There is a growing realisation that digital communications needs to be two way. If it is two way then questions about your organisation get asked. It's time these questions were plugged into customer services. Here's how one forward-thinking organisation has done it...
by Matt Bond
Picture the scene. You arrive at work on a Monday morning after a weekend of downpours to find your social media accounts inundated with cries for help. Requests to clear a flooded drain sit alongside a query on how to find out if a dead cat has been collected by Council staff, and much more besides.
So, (to coin a well-know phrase) who you gonna call?
Luckily for us, we had already started talks with our contact centre colleagues on how to better resource our Facebook presence so that it not only reduces pressure on the corporate comms team but also satisfies the contact centre's own channel shift ambitions. I'm sure we're not alone in starting to see our Facebook page being used much more as a direct customer service channel rather than the 'celebration of where we live' ethos that we originally envisaged.
Yes, we still post campaign messages and promote the council and wider Cornwall as much as possible, but as our social media presence evolves, we're finding that our customers simply want a better way to get hold of us and to get the information they're after quickly, accurately and with a friendly tone.
It's up to us to respond to this call.
In the above example, what would have taken a comms team member the best part of a morning to source contacts and write responses took the contact centre team just 15 minutes; both quick and accurate. We even got some thanks from customers - The mark of a social interaction well done!
And reputation boosting is just one of the benefits of bringing your contact centre colleagues on-board.
In corporate comms we have to keep ourselves as 'in the loop' on corporate matters as possible but it has been surprising to learn just how much the customer service team know about those customer priorities that are happening now, in real-time (rather than reactively) on the ground.
For example, their knowledge of the corporate calendar - from changes to bin collections to notices of council tax being issued - is an invaluable resource worth tapping into on its own. They also have a far better awareness of which customer contact channels may be experiencing busy periods at any particular time and can react and divert people accordingly.
This knowledge means that as time goes on, we're finding that they are equally adept at posting proactive corporate messages to Facebook.
And the benefits don't end there. Your contact centre will already have a book full of the contacts your customers need and can intuitively, due to years of experience, find the right person for the right answer, and fast.
As Karen Collet from the contact centre says: “With social media we are finding that we can interact with people in a public place (one to many) and this allows us to engage with those who may not use our website as a preferred tool for information or as a way to contact us through the traditional channels.”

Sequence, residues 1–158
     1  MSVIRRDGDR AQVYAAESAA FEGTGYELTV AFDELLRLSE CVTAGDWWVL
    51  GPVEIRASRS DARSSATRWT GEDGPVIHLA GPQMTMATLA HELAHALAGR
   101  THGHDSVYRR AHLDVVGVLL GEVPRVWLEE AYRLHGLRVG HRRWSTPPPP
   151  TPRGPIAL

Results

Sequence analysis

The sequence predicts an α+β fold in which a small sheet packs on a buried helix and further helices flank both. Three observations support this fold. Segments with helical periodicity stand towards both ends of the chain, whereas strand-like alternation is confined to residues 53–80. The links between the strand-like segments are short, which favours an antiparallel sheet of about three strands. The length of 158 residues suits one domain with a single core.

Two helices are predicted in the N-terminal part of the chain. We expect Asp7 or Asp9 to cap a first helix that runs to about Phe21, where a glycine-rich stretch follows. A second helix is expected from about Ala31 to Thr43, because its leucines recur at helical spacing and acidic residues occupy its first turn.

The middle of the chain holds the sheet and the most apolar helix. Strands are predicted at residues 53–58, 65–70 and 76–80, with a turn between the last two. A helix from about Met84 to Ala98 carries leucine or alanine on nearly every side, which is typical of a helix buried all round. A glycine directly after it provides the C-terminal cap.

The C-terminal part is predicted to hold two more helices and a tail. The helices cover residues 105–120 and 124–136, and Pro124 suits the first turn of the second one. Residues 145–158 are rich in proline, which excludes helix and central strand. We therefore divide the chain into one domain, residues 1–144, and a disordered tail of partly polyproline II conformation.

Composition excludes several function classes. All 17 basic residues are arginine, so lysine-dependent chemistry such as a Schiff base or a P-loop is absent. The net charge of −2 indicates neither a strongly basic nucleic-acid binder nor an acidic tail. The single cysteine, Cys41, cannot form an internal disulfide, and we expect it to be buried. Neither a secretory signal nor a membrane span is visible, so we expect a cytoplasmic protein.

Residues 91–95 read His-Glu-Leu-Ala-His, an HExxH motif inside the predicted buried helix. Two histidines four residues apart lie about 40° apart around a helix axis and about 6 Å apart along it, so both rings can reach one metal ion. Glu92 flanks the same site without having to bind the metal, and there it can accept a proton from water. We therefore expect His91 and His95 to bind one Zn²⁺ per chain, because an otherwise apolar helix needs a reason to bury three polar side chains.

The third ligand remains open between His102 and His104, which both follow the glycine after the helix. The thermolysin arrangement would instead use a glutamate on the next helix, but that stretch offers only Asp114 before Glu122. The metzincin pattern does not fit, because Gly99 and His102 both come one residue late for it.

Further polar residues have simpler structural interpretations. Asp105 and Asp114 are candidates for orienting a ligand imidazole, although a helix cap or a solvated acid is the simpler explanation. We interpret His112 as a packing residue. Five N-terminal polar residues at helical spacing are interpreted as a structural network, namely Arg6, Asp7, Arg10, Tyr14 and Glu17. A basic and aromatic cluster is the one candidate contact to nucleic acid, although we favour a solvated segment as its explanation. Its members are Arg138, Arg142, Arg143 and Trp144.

On the mechanical side we currently use a flagging system using a shared email inbox - flagged red for customer services and yellow for comms. We're not sure yet if this is the best approach (a situation not helped by some Facebook notifications not being sent as email alerts) but it seems to be working for now.
A natural part of the process are regular feedback sessions on how we're all finding it. Knowledge sharing on the best ways to move forward and what challenges, opportunities we may face going forward has done wonders to cement these new-found working relationships.
In fact, as time goes on, it becomes ever more apparent to us that better links between internal communications and customer service teams are a vital part of effective service delivery.
Looking ahead it's obvious that while we're merely scratching the surface at the moment we can all see the potential.
Whether the next logical step is moving customer services onto Twitter, You Tube, Vimeo and beyond we'll have to wait and see but if our Facebook experiences are anything to go by then it is certainly worth considering.
It helps if, like us, you have a contact centre team that buy-in to the more authentic tone that social media allows.
Karen added: “We hope that this collaboration will allow us to publicise customer service information that affects residents directly such as refuse and recycling, highways information, permit renewals, disruptions to service, and hopefully correct inaccuracies in things other people are saying, but overall showing that we are human and are here to help.”
So our advice? Next time you find your social media pages inundated with requests for help, make sure you've put your customer service team on speed dial.
Matt Bond is communications specialist at Cornwall Council.